A new study that will be presented next week during the annual meeting of the Radiological Society of North America (RSNA) shows MRI brain scans are better at predicting the development of Alzheimer’s disease in patients compared to clinical tests commonly used today.
Until now, the standardized questionnaires and tests to measure cognition and those administered to locate a gene variant associated with higher risk of Alzheimer’s disease commonly used as prediction models have fallen short with 70 -71 percent accuracy rates, leaving out a large number of the population who will go on to develop the disease.
In the study, researchers have now achieved 89 percent accuracy in predicting which patients would later develop Alzheimer’s disease using MRI measures of white matter integrity which could speed interventions that slow the course of Alzheimer’s disease or delay its onset.
"As we develop new drug therapies and study them in trials, we need to identify individuals who will benefit from these drugs earlier in the course of the disease," said lead author of the study Cyrus A. Raji, assistant professor of radiology at the Mallinckrodt Institute of Radiology at Washington University School of Medicine in St. Louis, who also highlighted that "Alzheimer's disease is the most common cause of dementia in the world and is expected to increase globally, and especially in the U.S., as the population gets older."
Using diffusion tensor imaging (DTI) in MRI exams that help assess the condition of the brain’s white matter provides a promising option for analyzing dementia risk. DTI provides different metrics of white mater integrity including fractional anisotropy (FA) that measures how well water molecules move along white matter tracts. Higher FA value shows water is moving normally along the tracts and lower value shows the tracts may be damaged.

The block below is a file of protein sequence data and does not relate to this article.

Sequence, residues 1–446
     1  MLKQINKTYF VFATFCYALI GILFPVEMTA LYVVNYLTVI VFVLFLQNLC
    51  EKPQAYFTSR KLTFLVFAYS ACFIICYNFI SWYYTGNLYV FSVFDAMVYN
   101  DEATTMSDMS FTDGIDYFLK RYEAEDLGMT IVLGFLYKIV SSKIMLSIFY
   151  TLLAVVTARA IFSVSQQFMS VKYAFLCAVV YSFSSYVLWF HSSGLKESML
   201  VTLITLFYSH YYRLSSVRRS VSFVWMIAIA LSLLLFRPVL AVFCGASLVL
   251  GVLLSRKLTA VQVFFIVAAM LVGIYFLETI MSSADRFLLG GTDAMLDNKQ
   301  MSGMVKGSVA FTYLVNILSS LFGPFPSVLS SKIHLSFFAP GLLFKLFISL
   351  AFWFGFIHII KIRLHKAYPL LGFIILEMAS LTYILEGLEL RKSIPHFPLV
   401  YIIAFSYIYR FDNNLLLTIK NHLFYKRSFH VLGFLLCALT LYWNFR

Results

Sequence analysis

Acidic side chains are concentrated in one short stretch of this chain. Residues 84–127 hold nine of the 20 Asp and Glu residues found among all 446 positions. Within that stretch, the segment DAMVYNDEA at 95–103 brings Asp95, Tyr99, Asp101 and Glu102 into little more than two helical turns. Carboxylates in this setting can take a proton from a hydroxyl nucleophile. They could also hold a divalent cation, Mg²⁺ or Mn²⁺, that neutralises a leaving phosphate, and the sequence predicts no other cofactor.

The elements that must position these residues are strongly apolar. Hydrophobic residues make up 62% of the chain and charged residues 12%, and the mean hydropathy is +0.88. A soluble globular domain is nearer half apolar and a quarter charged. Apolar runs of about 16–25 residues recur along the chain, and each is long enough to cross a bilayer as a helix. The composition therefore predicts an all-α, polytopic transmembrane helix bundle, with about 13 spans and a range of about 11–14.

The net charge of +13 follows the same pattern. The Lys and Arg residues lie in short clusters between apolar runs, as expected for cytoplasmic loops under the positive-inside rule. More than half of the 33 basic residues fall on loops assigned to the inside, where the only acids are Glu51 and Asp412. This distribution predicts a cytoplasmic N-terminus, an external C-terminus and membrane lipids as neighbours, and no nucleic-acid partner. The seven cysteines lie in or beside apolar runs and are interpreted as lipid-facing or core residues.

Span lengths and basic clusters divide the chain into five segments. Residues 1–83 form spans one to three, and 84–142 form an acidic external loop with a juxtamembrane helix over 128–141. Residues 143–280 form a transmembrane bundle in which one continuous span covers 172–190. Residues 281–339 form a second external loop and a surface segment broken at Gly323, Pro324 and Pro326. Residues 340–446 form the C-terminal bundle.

Dr. Raji says that with DTI you look at the movement of water molecules along white matter tracts, the telephone cables of the brain and adds, “when these tracts are not well connected, cognitive problems can result.”
They performed DTI brain exams on 61 patients from the Alzheimer’s Disease Neuroimaging Initiative, multisite major study researching the progression of the disease, in order to quantify the differences in those who decline from normal cognition or mild cognitive impairment to Alzheimer’s dementia compared to controls who do not develop dementia.
"DTI performed very well compared to other clinical measures," Dr. Raji said. "Using FA values and other associated global metrics of white matter integrity, we were able to achieve 89 percent accuracy in predicting who would go onto develop Alzheimer's disease. The Mini-mental State Examination and APOE4 gene testing have accuracy rates of about 70 - 71 percent."
In more detailed analysis of the white matter tracts performed on about 40 of the study participants, the technique reached 95% accuracy, according to Dr. Raji. He also stated that as many people already receive MRI as part of their care, DTI could add significant value to the exam without substantially increasing the costs.
These MRI measures of white matter integrity may help slow the course of the disease or delay its onset if it could help faster intervention.
"Research shows that Alzheimer's disease risk can be reduced by addressing modifiable risk factors like obesity and diabetes," Dr. Raji said. "With early detection, we can enact lifestyle interventions and enlist volunteers into drug trials earlier."
The results may point to a future role in DTI for diagnosing those at risk for Alzheimer’s disease but more work is needed before this is ready for routine clinical use.
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